An example of private labeling is if you have a family recipe for cupcakes but can’t produce everything on a larger scale in-house. You then contact a manufacturer who can mass-produce the cupcakes using your exact ingredients and packaging.
Main commonalities between white and private labeling:
As mentioned earlier, people confuse white labeling with private labeling because they’re very similar. For instance, both models use third-party manufacturers to produce their desserts and then resell them with their custom branding. In addition, retailers using either approach have complete control over their advertising strategy and marketing process. Whether you choose private or white labeling, the manufacturer has no trademarks over the produced products once the deal is solidified. So in both situations, a retailer’s consumers won’t realize that another company created the desserts they purchased.
Main differences between white and private labeling
While there are many commonalities, there are also some differences between white and private labeling. For instance, white labeling allows retailers wider distribution for their product lines so they can reach more customers. Because customers purchase an exclusive product, private-labeled products tend to be a bit more expensive than white-labeled ones. However, although more expensive, retailers who sell private-label desserts may see a higher return on their investment because there is less competition.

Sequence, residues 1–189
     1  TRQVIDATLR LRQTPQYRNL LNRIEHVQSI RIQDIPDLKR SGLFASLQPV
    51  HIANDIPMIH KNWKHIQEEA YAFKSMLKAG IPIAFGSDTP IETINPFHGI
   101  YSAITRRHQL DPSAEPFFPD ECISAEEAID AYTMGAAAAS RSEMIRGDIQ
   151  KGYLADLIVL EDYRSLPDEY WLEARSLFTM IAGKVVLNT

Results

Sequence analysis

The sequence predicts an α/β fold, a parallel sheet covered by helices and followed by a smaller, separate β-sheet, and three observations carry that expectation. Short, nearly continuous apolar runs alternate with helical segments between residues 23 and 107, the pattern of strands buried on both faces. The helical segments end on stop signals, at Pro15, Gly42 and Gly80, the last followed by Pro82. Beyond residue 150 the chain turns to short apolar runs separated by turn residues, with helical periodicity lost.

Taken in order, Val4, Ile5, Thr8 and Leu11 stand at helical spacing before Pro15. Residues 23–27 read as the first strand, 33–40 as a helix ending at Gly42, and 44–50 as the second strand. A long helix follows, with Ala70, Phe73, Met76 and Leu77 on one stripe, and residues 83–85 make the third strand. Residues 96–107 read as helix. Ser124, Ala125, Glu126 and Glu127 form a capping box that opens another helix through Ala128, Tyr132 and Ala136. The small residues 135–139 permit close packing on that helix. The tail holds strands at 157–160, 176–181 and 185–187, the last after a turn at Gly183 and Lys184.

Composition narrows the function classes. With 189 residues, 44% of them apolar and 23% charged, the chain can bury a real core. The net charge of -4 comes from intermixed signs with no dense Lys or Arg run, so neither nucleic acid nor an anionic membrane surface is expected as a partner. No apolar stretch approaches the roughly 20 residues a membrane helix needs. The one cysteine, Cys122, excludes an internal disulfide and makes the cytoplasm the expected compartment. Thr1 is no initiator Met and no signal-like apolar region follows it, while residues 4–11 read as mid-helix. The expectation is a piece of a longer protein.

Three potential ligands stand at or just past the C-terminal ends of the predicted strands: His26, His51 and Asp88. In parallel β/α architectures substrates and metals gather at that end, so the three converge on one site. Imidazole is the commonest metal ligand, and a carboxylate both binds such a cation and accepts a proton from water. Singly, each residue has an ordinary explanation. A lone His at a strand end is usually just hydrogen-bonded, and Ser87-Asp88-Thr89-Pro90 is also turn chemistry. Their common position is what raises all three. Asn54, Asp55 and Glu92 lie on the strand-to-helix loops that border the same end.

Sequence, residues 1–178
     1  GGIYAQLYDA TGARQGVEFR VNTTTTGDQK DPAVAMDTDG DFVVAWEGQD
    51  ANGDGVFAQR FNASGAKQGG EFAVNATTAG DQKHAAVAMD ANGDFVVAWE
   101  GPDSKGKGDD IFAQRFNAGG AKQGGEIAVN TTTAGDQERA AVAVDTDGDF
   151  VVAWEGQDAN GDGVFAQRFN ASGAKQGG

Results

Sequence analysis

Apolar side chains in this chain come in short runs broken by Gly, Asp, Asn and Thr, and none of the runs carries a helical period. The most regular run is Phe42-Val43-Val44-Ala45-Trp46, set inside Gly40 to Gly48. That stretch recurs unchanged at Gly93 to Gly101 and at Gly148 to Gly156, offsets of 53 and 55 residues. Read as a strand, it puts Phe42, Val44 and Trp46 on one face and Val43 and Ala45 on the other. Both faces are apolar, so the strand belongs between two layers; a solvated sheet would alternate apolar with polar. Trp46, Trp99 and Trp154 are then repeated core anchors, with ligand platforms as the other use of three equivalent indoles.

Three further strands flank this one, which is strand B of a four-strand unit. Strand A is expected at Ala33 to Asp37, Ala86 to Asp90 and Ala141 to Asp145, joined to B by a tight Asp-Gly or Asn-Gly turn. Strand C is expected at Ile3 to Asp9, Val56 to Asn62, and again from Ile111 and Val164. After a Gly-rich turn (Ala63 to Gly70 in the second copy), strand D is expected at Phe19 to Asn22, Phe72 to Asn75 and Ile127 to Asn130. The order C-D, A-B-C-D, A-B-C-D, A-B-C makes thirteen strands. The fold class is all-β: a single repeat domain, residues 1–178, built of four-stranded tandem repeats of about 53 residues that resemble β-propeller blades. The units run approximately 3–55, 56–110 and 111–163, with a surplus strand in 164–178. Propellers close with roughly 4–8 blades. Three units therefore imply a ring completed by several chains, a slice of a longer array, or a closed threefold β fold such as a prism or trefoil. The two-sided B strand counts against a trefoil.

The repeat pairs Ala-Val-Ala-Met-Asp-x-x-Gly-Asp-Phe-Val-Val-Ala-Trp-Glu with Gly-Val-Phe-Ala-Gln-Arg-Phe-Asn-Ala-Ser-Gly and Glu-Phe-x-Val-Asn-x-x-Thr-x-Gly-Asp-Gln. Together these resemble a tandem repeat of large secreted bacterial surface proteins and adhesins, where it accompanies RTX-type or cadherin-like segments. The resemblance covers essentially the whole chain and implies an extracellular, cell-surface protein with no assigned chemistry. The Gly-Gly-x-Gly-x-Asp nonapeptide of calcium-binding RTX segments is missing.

Another thing to consider is that white-labeled desserts typically sell faster than private-labeled ones because customers tend to trust larger retail brands. In addition, retailers selling white-label products may need to be more creative with their advertising since other retailers will be selling the same generic product.
Which label is better for your brand?
So, which label should your brand go with? You should white-label your desserts if you desire a proven product that’s already developed and manufactured. If you’re looking for the easiest, most cost-effective approach that you can implement within a few months, white labeling is the best choice for you.
If you already have a recipe and established niche and want to keep your brand distinctive, private labeling is the best option. Retailers can sell an exclusive product to a well-defined audience. Plus, with lower competition, higher profit margins may be possible.
Steven Charles can serve your brand
We understand that consumers are looking for a high-quality gourmet dessert they can indulge in confidently. As a result, Steven Charles offers white-label and private-label dessert options for sophisticated gourmet brands that desire a product that reflects their style and high standards. We have over 25 years of enhancing retailers’ dessert offerings and would be glad to serve you as well.
Get in touch today to begin creating your iconic dessert. Whatever your choice is, Steven Charles is here for you.